They just happened to be interviewing a woman stranded in her car in
the middle of the hurricane, when a transformer blew right in view of
the camera. It was VERY spectacular. Looked like fireworks.
Everything went dark, except for the tv crew lights, and the reporter
got rather excited, but immediately said it was a transformer. The AC
hum was something else !!! I wish I could see that news clip again.
Immediately after they showed a huge piece of roof steel entangled in
the wires behind them. so that was most likely the cause. Those
reporters are often pretty wreckless. What started out as a pretty
mundane interview turned out quite spectacular. Of course those
reporters love stuff like that....
Like all major storms, power is out to 1,000,000 people. Well, since they
know that is going to happen, why don't they shut power off to the affected
areas before hand, so they don't have to replace all the blown up
Is it a liability issue; they would be sued if they cut power, so they let
nature do it?
We had a major ice storm here 14 years ago that took 2 weeks to recover
from. Someone I knew went to a hill overlooking the town and watched the
transformers blow up all over town; said it was spectacular.
just because there are a lot of sparks etc, what makes you think that a
__transformer__ blew up?
every see what a high voltage (not a 120 Volt line) line does when it
touches the ground?
They spend a lot of "time" replacing transformers but most power is
restored by simply replacing fuses.
The real problem is when the lines and poles are destroyed., That
really takes time, money and labor.
Or they just gave a 'simple answer' to the media. Better to just say
something people can grasp instead of something they'll misinterpret.
Telling them it's just a matter of manually resetting a breaker or replacing
a fuse might encourage some jackass to start climbing up poles to do it
himself and present a whole other rats nest of hassles.
In an ice storm you're screwed more by the weight on the wires pulling them
down or loose from their connections. That sort of problem wouldn't be
saved, really, by turning off the power. Think of it another way, if the
power was off and the lines failed, when power was turned back on they'd
still end up tripping or blowing something up. Better to have the dead
spots already detected by letting them blow out rather than have to hunt
them down one-by-one as you return power.
Fundamentally, unless the communities work to bury the lines properly
there's not much worth doing. The balancing act of long-term reliability vs
short-term trenching costs and disruptions always seems the end up the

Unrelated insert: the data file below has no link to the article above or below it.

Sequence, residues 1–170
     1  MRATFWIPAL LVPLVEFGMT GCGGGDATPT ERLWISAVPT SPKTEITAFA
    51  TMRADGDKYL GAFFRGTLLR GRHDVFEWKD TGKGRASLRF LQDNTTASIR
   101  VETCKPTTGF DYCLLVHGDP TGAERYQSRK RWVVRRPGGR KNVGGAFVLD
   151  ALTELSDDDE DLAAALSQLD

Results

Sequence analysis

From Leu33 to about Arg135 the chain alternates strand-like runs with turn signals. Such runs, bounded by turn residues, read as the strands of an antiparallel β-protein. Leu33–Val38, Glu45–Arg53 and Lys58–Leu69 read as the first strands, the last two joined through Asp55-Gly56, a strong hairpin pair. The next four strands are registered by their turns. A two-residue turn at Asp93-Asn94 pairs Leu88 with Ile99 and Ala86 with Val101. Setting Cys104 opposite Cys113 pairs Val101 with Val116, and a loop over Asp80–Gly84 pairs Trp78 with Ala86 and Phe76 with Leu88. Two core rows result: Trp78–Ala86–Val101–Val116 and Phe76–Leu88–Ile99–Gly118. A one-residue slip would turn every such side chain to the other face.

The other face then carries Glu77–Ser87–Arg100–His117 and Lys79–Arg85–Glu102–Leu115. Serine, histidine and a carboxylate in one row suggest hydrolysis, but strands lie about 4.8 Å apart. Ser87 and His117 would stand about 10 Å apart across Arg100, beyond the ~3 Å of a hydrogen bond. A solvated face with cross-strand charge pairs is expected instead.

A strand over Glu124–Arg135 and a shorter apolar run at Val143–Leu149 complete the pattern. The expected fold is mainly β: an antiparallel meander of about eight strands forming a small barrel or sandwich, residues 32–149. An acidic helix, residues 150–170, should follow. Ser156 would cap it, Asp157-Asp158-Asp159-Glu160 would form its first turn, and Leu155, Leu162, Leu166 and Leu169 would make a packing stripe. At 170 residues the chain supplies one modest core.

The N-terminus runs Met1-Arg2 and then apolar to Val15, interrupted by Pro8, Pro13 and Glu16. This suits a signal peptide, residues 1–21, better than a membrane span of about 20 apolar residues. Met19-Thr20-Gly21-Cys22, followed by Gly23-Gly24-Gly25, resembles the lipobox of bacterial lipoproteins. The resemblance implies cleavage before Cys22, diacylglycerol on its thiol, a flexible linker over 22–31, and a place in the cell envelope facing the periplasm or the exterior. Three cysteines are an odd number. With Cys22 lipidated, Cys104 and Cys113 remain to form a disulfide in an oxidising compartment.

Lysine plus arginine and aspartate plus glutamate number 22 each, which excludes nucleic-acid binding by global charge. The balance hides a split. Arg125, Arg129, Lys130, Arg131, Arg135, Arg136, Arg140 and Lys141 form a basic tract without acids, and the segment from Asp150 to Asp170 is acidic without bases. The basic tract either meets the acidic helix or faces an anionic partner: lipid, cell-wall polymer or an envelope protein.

latter. People are too stupid to recognize the long-term benefits. As long
as power doesn't go out 'too often' they only whine about it but do nothing
to get it solved.
Well, actually it does eliminate a sizable fraction of the
weather-related outage causes pretty effectively. It isn't practical
for really large lines nor for some areas for other reasons such as too
much stuff already buried or too much infrastructure in the way that
requires excessive initial cost, though...
Transmission cables can be traced pretty well w/ TDR, etc., for break
location and so on and it's not that much worse to dig than it is to
work up on a pole in freezing rain or high wind. Overall, I'd estimate
it's about a wash...
If your worst fear is trees or ice I agree, when it is 6 feet of salt
water you really want those wires up on a pole.
It is also a lot easier to work in a bucket truck than to dig in a
crowded right of way. You don't accomplish much if you fix the power
line and take out a phone fiber.
Only if you are on the beach. Inland water comes up and goes down
faitrly slow. The concrete poles will usually even hold up on the
beach. In large parts of Florida (and other Gulf coast states) you
also have a water table that is a few feet below ground, hence no
basements. A manhole is a small swimming pool.
No, not too stupid, just to cheap to pay for it.
Down he road from me there is a community of about 40 houses with
underground wires. Problem is, they are fed with overhead wires that go
down in a breeze so they are often without power. No one is willing to
change it yet though. Not just reliability, just stop and look at the
overhead mess in some areas of the city.
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